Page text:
Blackout Congress
More than 14,000 websites now redirect Congressional IP addresses to a photo feed of naked anti-NSA protesters, who want to see the Patriot Act put to rest Blackout Congress

More than 14,000 websites in the US have signed up to block Capitol Hill workers from being able access their sites, in an activist movement designed to make sure the highly controversial Patriot Act allowing government mass surveillance is phased out.

The Blackout Congress campaign, created by Fight for the Future is seeking to block all Congressional IP addresses from accessing popular websites. Websites need to enter a line of code, which makes their website instantly redirect to a photo feed of naked anti-NSA protesters if it detects a Capitol Hill IP address.

On 1 June, some of the key aspects of the Patriot Act, such as Section 215 which enables NSA to carry out mass surveillance of citizens, will be expiring.

Congress is set to vote on the future of the bill, and if it does nothing, the laws will expire, but there are concerns that the US government is trying to reauthorise these mass surveillance of online communications by getting Congress to pass the USA Freedom Act.

"Congress voted to authorise the government's illegal mass surveillance programmes. This is their mess to clean up," Fight for the Future co-founder Tiffiniy Cheng told IBTimes UK.

"People are fed up. No one wants to live in a world without privacy where they aren't free to express themselves. People will continue to stand up and fight for free speech, and Congress should expect nothing but resistance until they end these abusive programs that threaten our most basic rights."

US government says no surveillance affects national security

Activists want an end to mass surveillance
The Blackout Congress website gives users a snippet of code to embed into their webpages that detects and blocks IP addresses associated with Capitol Hill Blackout Congress

The US government claimed in a recent interview with The New York Times that it is essential for its intelligence agencies to have access to encrypted data, otherwise the government would be "playing Russian roulette with national security".

"We're in uncharted waters," a senior member of the administration said at a briefing organised by the White House, where three officials spoke with reporters about the consequences of inaction by Congress. "We have not had to confront addressing the terrorist threat without these authorities, and it's going to be fraught with unnecessary risk."

On 28 May, NSA director Admiral Mike Rogers said at the NATO cyberwarfare conference CyCon 2015 in Estonia that encryption was important, but there needed to be a legal framework to protect citizens' rights, while enabling governments to access encrypted data for the good of national security.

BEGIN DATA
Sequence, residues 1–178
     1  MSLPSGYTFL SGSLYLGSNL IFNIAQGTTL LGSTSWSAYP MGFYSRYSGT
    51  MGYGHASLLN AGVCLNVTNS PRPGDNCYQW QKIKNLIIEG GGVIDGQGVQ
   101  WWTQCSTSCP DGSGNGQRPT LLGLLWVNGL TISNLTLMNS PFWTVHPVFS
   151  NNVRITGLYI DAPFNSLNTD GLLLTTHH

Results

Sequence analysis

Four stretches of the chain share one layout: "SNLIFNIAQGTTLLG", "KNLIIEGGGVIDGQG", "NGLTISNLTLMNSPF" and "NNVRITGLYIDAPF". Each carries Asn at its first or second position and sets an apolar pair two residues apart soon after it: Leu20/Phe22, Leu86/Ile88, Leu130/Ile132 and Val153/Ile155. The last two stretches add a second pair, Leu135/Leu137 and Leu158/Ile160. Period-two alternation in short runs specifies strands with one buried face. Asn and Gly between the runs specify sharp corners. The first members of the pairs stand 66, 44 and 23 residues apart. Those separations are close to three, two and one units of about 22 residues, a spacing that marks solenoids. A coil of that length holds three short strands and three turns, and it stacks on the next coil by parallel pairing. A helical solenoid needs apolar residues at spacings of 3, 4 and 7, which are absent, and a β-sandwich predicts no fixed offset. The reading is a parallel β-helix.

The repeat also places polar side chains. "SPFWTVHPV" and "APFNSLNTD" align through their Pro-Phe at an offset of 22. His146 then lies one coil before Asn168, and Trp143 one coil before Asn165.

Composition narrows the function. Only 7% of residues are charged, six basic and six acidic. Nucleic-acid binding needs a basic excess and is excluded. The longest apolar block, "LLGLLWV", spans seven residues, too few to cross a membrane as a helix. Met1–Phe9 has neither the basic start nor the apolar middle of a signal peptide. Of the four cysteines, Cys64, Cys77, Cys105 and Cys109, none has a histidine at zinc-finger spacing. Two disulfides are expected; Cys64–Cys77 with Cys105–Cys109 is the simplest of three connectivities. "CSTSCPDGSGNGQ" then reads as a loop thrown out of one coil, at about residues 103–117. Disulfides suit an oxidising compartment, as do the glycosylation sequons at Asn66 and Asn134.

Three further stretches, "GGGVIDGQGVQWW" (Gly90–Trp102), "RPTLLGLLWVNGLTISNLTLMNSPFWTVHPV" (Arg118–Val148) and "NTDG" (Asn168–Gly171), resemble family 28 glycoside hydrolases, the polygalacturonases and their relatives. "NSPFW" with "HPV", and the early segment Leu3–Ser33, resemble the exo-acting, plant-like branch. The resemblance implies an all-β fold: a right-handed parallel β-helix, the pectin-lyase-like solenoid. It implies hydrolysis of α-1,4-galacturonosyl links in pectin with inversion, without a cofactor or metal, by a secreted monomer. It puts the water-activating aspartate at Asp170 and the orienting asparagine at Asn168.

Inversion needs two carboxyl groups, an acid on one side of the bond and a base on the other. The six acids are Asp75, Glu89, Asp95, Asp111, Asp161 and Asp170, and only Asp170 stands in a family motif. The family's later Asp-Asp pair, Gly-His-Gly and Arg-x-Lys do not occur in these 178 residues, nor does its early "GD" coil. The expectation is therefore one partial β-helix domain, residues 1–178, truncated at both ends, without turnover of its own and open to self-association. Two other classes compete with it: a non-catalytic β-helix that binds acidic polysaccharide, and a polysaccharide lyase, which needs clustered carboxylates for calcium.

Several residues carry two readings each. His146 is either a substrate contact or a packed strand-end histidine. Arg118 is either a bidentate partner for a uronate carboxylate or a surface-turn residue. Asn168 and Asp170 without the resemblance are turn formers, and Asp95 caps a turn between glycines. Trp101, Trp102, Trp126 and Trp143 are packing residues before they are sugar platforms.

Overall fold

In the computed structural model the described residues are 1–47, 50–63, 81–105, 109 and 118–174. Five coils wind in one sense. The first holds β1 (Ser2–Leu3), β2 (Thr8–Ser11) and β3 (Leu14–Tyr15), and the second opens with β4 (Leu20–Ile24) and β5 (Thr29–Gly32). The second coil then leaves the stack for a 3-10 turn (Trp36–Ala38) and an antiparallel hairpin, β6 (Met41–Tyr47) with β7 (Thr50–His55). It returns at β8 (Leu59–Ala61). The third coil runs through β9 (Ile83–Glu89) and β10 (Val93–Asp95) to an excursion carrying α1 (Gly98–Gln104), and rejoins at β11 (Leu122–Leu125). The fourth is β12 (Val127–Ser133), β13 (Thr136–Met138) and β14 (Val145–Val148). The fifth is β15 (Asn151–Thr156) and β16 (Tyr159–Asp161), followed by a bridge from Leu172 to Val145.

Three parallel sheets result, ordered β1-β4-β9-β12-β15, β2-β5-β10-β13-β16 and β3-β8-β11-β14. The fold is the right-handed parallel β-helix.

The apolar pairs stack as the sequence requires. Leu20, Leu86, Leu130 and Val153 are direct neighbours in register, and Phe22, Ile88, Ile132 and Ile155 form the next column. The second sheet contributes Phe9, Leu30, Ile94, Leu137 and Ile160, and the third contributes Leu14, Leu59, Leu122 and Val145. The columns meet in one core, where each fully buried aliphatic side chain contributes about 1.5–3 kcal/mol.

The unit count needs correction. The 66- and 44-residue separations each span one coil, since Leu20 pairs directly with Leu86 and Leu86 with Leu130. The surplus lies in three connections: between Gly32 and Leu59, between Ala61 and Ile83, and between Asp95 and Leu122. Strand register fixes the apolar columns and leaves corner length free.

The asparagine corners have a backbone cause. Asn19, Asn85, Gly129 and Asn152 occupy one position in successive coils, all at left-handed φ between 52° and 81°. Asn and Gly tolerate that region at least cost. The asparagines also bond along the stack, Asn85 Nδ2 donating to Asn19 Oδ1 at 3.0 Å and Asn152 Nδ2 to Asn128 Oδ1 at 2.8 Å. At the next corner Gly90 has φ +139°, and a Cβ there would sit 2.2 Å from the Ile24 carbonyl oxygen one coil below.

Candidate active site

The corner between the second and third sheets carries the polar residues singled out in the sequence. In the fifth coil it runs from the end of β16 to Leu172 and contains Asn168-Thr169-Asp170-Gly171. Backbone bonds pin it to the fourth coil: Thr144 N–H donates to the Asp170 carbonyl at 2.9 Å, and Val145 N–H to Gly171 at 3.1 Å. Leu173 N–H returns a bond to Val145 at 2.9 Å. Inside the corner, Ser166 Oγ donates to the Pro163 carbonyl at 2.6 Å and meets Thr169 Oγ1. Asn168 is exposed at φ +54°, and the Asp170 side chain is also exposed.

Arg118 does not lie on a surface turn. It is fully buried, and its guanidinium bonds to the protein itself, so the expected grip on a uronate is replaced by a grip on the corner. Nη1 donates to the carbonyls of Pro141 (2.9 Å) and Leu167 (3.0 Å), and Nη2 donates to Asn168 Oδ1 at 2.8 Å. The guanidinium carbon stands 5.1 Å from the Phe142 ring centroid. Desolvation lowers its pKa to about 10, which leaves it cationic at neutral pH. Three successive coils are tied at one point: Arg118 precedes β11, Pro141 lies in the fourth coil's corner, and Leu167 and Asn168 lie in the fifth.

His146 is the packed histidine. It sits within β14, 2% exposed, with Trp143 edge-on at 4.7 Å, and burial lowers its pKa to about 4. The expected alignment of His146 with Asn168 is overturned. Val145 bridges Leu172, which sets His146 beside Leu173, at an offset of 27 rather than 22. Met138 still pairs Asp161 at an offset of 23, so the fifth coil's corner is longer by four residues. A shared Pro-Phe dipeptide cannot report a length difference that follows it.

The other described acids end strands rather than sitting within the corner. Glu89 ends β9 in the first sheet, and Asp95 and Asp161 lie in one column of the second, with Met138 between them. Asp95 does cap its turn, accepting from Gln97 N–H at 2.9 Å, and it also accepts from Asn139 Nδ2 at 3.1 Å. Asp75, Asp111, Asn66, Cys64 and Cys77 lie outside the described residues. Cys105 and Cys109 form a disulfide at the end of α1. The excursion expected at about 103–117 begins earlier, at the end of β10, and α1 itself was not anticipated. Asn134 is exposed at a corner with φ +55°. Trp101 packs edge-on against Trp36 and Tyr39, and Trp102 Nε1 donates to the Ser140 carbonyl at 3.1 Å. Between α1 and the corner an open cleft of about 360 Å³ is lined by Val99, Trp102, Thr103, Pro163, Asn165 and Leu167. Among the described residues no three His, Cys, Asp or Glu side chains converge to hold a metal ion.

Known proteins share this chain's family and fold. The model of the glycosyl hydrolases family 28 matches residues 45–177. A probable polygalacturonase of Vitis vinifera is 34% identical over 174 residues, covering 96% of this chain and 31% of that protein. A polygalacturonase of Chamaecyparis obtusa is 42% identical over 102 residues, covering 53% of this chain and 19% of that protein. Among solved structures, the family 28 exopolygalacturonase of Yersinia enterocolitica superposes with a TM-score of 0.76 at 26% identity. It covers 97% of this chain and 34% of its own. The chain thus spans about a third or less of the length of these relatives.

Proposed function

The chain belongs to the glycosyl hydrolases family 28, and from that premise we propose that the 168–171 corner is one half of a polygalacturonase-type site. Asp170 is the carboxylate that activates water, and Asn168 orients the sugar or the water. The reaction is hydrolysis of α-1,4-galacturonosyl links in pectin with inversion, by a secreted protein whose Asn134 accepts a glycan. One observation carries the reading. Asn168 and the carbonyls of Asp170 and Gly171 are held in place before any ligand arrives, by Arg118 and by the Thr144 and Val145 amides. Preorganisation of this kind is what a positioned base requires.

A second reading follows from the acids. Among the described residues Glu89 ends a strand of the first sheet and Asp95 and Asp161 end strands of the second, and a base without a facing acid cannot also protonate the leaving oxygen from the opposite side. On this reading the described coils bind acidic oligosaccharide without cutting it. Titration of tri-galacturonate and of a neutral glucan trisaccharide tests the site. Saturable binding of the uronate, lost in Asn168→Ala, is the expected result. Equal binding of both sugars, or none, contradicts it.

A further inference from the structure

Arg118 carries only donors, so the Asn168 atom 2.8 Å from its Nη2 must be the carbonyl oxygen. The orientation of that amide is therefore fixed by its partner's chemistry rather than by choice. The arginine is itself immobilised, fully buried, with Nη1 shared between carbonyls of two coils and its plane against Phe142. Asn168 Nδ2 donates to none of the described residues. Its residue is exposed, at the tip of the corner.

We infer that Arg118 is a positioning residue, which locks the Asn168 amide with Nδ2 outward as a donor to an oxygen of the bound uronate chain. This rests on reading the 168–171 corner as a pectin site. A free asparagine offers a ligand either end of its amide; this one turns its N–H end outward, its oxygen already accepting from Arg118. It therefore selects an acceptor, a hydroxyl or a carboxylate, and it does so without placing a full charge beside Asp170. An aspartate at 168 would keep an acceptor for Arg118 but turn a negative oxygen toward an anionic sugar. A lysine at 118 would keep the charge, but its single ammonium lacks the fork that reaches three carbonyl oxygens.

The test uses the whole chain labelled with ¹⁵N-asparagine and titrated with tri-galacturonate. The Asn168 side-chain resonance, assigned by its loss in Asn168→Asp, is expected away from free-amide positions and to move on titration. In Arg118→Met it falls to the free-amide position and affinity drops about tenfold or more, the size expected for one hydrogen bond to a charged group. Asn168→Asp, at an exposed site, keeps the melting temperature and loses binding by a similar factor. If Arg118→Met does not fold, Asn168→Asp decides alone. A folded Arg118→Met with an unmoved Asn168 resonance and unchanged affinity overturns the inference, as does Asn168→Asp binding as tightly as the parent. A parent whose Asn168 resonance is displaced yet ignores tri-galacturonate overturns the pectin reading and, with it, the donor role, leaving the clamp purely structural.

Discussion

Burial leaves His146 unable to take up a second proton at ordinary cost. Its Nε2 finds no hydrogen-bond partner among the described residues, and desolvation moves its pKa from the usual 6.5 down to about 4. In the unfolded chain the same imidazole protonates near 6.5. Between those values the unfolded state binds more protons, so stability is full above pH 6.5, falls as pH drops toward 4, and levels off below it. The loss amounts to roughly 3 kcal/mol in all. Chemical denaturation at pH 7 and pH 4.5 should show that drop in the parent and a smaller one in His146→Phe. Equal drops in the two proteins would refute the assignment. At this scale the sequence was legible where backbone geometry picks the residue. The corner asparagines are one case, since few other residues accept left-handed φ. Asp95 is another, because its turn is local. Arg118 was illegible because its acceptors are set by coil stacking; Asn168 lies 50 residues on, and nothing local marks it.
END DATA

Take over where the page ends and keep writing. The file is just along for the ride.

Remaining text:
"You're not going to hear me say that encryption is a bad thing. I don't think it is a bad thing. Encryption is not bad. Encryption is a fundamental part of the future; I think it would be ridiculous to pretend otherwise,"Rogers, who is also head of US Cyber Command, told ZDNet.

"I hope we do not find a world in which the internet becomes something that fractures and where the ability to move information freely is controlled. The seas around the world are, much like the cyber domain, not governed by one single nation. We have created maritime norms and have to do the same in the cyberspace to ensure a flow of information and ideas."

Will enough websites sign up to make the blackout work?

At the moment, the websites that have signed up to block access to Congress are mostly personal WordPress websites, although Fight For The Future says that large Internet Defense League member sites, which include the likes of Reddit, Mozilla, Cheezburger, Fark, 4chan, and WordPress, are now evaluating its code.

Although the campaign is gaining great interest on Reddit in the r/technology/ subreddit and has over 5,834 up votes, it is unlikely that it will make a big impact on Congress unless big players actively blackout the internet.

Back in 2012, the Stop Online Piracy Act (Sopa) and Protect IP Act (Pipa) protests spurred Google, Wikipedia, Mozilla, Reddit and WordPress, together with more than 7,000 other sites, to get on board and block access to their content. However, Google only changed its homepage to mark the event.

Cheng is positive that major websites will join the campaign, especially since 14,000 websites signed up in less than 24 hours.

"This protest is organic and happening from the bottom up. The Internet taking on unchecked power – it's amazing," she said.